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News / Cabinet accepts Turkish authorities’ request for the managed return of three NZ citizens

Cabinet accepts Turkish authorities’ request for the managed return of three NZ citizens

Cabinet accepts Turkish authorities’ request for the managed return of three NZ citizens

Posted July 26, 2021

Media Release: NZ Government

Cabinet has agreed to the managed return of a New Zealand citizen and her two young children from Turkey, Prime Minister Jacinda Ardern announced today.

The three have been in immigration detention in Turkey since crossing the border from Syria earlier this year. Turkey has requested that New Zealand repatriate the family.

“The safety and wellbeing of New Zealanders is paramount for the Government,” Jacinda Ardern said.

“New Zealand has not taken this step lightly. We have taken into account our international responsibilities as well as the details of this particular case, including the fact that children are involved.

“The woman was a dual New Zealand-Australian citizen until Australia revoked her citizenship.

“As most New Zealanders know, I made very strong representations to Australia that she should be permitted to return there. Her family moved to Australia when she was six and she grew up there before departing for Syria in 2014, on an Australian passport. Unfortunately, Australia would not reverse the cancellation of citizenship.

“However Australia has subsequently assured us it will proactively consult with New Zealand if any such case arises in future.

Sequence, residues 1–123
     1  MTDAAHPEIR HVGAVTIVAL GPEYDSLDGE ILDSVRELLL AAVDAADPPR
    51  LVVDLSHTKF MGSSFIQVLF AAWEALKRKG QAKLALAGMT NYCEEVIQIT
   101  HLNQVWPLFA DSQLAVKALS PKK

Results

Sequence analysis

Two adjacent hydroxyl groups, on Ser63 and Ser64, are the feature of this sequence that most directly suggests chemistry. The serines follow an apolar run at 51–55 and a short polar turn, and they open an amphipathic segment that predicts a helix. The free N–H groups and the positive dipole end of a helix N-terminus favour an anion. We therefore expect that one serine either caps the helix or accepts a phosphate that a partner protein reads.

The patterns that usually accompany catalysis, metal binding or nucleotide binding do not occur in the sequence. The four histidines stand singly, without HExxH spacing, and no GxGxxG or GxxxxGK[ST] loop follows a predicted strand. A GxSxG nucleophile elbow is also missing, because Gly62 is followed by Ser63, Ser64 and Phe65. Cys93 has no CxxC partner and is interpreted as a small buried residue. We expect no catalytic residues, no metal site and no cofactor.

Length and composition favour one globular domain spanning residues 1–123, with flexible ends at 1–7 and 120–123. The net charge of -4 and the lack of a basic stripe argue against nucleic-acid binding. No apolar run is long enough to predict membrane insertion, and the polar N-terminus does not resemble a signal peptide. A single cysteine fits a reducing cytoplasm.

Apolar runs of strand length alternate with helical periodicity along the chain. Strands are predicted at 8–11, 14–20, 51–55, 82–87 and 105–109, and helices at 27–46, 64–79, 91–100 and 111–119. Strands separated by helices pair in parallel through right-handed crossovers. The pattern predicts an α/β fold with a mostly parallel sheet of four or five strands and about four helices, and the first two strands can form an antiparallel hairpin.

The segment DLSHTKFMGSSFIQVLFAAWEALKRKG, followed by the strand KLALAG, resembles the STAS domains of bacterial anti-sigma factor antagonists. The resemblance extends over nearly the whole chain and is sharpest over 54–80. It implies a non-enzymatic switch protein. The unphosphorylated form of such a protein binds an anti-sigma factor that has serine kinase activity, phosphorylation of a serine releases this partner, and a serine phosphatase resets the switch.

“New Zealand is not able to remove citizenship from a person and leave them stateless, and as New Zealand citizens this country is the only place where they can currently legally reside.

“While negotiations with Australia have taken place, extensive contingency planning has been underway involving the Police and several other agencies and the Government wants to be as upfront with people as it can be about the planned return.

“I can assure people great care is being taken as to how the woman and her young children are returned to New Zealand and how they will be managed in a way that minimises any risk for New Zealanders.

“Planning by agencies has been two-fold – to ensure all appropriate steps are in place to address potential security concerns and to have the right services in place to support reintegration, with particular focus on the wellbeing of the children.

“A number of other countries have managed the return of mothers and children from the region and this is the position we now find ourselves in.

“They are not Turkey’s responsibility, and with Australia refusing to accept the family, that makes them ours.

“Agreeing to a managed return was the right step in this case, but we reserve the right to look at any future cases on a case-by-case basis based on the best interests of New Zealand.

“In this case the welfare and best interests of the children has been a primary concern,” Jacinda Ardern said.

Details about arrangements or timing to bring the family home will not be made public, and legal and operational reasons mean particulars of security arrangements in place for when they arrive cannot be disclosed.

“It has previously been made clear that any New Zealander who might be suspected of association with a terrorist group should expect to be investigated under New Zealand law, but that would be a matter for the Police,” Jacinda Ardern said.